The proportions of children exclusively breastfed were approximately 47% at 7 days after birth, 32% at 2 months, 19% at 4 months, and 10% at 6 months, whereas the proportions of children still being breastfed at these ages were approximately 52%, 40%, 29%, and 22%, respectively. Table 1 [triangle] shows that at each of these time points, exclusive breastfeeding was least common among low-birthweight, premature, or non-Hispanic Black infants and those of mothers who were younger than 20 years, had lower education or income, smoked during pregnancy, or lived in the South.

—Proportion of Children Exclusively Breastfed (BF), by Sociodemographic and Environmental Factors: NHANES III (Phase II, 1991–1994)

The proportions of children ever breastfed and still being breastfed at 6 and 12 months were also stratified by sociodemographic and environmental factors (Table 2 [triangle]). We observed patterns similar to those for the exclusively breastfed children. In addition, we found lower breastfeeding initiation and duration among mothers who were overweight or obese and among families living in rural areas. Although primiparous mothers had a higher rate of initiating breastfeeding than did multiparous mothers, they had a lower rate of continuing breastfeeding throughout the infant's first year.

—Ever Breastfed and Breastfeeding Duration, by Sociodemographic and Environmental Factors: NHANES III (Phases I and II, 1988–1994)


Less than half of the children in NHANES III began exclusive breastfeeding. At age 2 months, the percentage of infants still being exclusively breastfed was considerably lower than the percentage who were receiving any breast milk at this point. By the age of 6 months, slightly less than 10% of infants were being exclusively breastfed.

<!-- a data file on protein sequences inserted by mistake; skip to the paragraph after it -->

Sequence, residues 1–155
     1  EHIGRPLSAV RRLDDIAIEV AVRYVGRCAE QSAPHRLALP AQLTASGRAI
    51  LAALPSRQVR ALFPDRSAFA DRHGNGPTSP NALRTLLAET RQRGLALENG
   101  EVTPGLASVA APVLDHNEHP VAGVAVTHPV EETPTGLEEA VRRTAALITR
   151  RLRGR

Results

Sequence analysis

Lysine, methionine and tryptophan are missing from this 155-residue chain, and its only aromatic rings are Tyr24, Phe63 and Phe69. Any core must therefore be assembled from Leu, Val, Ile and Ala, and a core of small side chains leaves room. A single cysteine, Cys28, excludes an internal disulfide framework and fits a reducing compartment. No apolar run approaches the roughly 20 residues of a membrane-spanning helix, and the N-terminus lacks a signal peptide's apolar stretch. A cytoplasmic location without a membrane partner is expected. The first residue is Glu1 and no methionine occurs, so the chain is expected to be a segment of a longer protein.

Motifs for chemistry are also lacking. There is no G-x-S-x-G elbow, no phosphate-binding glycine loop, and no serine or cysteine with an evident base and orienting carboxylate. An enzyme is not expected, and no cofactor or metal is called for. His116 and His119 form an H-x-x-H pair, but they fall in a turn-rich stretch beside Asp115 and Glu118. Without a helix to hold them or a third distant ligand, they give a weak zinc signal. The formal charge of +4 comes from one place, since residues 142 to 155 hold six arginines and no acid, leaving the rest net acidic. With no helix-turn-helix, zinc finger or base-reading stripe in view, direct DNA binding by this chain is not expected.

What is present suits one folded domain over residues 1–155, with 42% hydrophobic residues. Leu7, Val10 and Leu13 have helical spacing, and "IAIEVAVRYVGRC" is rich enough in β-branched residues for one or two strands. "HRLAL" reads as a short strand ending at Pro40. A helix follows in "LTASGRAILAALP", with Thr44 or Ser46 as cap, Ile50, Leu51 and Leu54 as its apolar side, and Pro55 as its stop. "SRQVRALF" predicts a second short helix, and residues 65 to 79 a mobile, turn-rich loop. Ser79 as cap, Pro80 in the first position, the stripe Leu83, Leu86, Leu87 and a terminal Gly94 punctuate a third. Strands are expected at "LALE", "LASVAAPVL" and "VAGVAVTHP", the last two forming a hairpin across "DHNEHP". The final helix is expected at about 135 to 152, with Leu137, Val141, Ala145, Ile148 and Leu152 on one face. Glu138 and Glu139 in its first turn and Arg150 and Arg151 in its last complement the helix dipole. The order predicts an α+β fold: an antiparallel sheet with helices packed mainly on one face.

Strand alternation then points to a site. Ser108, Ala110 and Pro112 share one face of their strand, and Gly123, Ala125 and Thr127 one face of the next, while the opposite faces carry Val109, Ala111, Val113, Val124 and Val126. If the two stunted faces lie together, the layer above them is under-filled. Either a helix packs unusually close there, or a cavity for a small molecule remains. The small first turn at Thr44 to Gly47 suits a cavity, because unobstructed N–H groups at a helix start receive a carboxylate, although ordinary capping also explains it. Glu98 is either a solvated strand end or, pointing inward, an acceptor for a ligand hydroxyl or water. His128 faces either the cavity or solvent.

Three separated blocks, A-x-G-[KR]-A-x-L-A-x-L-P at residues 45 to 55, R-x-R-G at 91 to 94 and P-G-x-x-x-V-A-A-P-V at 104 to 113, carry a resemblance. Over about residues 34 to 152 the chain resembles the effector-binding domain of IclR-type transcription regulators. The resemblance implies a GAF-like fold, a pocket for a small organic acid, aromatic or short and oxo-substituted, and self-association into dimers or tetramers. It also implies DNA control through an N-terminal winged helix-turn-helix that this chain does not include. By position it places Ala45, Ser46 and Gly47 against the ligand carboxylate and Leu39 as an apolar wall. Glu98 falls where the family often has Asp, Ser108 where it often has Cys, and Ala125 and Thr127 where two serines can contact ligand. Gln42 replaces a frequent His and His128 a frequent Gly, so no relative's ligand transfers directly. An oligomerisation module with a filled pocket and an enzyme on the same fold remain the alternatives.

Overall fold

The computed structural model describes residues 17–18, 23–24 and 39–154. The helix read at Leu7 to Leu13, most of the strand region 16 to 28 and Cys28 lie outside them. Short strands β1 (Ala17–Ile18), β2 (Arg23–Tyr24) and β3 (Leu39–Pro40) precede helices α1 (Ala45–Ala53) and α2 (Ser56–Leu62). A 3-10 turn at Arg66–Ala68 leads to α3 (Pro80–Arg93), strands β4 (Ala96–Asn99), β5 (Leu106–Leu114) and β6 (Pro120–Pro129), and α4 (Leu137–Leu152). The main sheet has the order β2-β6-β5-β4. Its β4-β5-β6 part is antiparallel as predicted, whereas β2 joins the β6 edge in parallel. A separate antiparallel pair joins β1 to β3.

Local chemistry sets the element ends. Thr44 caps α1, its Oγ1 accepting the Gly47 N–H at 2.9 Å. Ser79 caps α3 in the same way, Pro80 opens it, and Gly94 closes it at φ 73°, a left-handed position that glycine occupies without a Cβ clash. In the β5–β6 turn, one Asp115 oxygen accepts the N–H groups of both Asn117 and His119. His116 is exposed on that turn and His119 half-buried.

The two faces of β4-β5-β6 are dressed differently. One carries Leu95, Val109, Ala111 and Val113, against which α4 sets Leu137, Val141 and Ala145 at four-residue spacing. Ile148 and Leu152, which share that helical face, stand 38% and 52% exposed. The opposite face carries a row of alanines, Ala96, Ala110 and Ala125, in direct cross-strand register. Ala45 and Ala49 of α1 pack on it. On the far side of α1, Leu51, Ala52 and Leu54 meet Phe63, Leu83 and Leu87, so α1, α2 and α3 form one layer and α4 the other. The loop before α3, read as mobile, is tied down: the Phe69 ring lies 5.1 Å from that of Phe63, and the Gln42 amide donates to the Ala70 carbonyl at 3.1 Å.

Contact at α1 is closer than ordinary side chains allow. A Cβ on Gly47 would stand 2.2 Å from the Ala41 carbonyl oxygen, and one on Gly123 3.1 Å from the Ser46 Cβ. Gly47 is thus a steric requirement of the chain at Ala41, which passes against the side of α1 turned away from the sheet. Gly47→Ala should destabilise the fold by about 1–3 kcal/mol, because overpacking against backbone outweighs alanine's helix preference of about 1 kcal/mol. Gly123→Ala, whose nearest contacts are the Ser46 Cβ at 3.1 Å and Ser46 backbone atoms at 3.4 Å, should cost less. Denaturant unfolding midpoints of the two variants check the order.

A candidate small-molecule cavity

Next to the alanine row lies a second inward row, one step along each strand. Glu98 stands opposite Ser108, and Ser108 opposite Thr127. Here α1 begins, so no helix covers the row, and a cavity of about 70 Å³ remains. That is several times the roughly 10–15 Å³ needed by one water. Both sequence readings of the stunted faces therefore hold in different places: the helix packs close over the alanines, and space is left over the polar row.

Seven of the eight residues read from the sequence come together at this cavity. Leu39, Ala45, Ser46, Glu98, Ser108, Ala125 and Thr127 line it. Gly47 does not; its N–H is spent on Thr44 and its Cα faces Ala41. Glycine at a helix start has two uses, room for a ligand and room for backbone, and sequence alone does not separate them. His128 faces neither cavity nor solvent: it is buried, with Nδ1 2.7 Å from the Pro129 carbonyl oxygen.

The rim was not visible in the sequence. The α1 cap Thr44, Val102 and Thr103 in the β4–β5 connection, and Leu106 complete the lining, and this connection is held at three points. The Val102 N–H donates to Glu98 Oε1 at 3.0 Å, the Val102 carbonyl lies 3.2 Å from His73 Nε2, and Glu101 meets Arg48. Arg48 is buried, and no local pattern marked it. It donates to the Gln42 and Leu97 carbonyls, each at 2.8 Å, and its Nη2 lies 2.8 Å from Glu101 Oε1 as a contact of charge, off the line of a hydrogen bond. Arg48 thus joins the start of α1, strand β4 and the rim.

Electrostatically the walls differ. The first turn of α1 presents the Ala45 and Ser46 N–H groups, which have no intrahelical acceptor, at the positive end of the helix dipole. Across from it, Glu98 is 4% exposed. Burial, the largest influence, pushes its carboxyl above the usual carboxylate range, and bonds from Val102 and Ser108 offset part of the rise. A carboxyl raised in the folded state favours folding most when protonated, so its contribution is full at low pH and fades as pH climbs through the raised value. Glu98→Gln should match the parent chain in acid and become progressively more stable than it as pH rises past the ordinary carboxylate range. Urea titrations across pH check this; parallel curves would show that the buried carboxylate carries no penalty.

Although the factors that influence the initiation and duration of breastfeeding have been broadly studied,10,11 previous studies have rarely examined the factors associated with exclusive breastfeeding. Our study indicates that the proportion of infants exclusively breastfed varied by subgroup, with the lowest rate found among non-Hispanic Black and premature infants and the highest rate among infants of mothers who had graduated from college. Our study also suggests that the factors associated with exclusive breastfeeding were similar to those associated with the initiation and duration of any breastfeeding.10,11

Our results regarding the initiation and duration of breastfeeding are similar to those from previous Ross Laboratories Mothers' Surveys.14 Our analysis showed that only 3 subgroups in NHANES III met the Healthy People 2010 goal15 of 75% for breastfeeding initiation: mothers who had graduated from college (81.8%), families with a household head who had graduated from college (80.2%), and families with an income exceeding 350% of the poverty–income ratio (75.4%). None of the subgroups met the goals for breastfeeding at 6 months (50%) or 12 months (25%).

In summary, this is the first nationally representative study available that indicates that initiation and maintenance of exclusive breastfeeding are low in the United States. Public health efforts are needed to improve the rate of exclusive breastfeeding—and, in particular, the duration of such feeding—among non-Hispanic Blacks and socioeconomically disadvantaged groups.


R. Li planned the study, analyzed the data, and wrote the brief. C. Gillespie extracted the data set and conducted preliminary analysis for this study. C. Ogden linked the NHANES III with children's birth certificates and analyzed data for gestational age, maternal education, and parity. C. Ballew and L. Grummer-Strawn assisted with study design, supervised data analysis, and contributed to the writing of the brief.

Peer Reviewed